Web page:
Ghosts of Sundance Past #4: Frozen River (dir by Courtney Hunt)


The 2008 film, Frozen River, tells the story of two desperate mothers.

Ray Eddy (Melissa Leo) has spent two years working as a clerk in a discount store and still cannot convince her boss to promote her to full time because, in his opinion, she’s just not “long-term employee” material.  Ray’s husband, a compulsive gambler, has vanished and taken the majority of their money with him.  Ray and her two sons live in a mobile home, where they subsist on a diet of popcorn and tang.  Every few days, a man comes by and threatens to repossess the home and leave Ray and her children homeless.  Ray always manages to talk him out of it.  If there’s anything that Ray can do, it’s talk her way out of trouble.

Lila Littlewolf (Misty Upham) is a Native American who lives on the St. Regis Mohawk Reservation and who works at a bingo parlor.  Because Lila is struggling financially and often resorts to illegal means to make ends meet, Lila’s mother-in-law has taken away her infant son.  If Ray’s defining characteristic seems to be her ability to talk her way out of trouble, Lila is quiet and often seems to be hiding from the world.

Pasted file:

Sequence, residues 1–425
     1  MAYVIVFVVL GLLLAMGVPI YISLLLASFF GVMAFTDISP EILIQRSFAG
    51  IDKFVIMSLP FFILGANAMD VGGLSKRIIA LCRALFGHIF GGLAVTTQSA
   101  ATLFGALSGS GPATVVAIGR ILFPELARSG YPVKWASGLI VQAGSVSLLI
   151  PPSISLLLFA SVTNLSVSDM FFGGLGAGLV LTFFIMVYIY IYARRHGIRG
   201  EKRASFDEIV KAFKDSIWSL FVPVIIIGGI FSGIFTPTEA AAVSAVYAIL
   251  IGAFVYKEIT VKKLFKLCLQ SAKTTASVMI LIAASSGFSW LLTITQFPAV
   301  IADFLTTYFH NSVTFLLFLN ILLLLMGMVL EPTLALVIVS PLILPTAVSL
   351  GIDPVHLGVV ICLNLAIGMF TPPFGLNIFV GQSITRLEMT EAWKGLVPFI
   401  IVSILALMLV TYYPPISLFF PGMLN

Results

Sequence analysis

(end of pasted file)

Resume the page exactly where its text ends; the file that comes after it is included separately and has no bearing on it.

One day, while Ray is out looking for her husband, she spots Lila driving his car.  Lila claims that she found the car, sitting deserted at a gas station.  (It’s never established whether Lila is telling the truth or if she actually stole the car.)  Ray discovers that Lila makes her money by smuggling undocumented immigrants over the Canadian border and Ray soon joins her.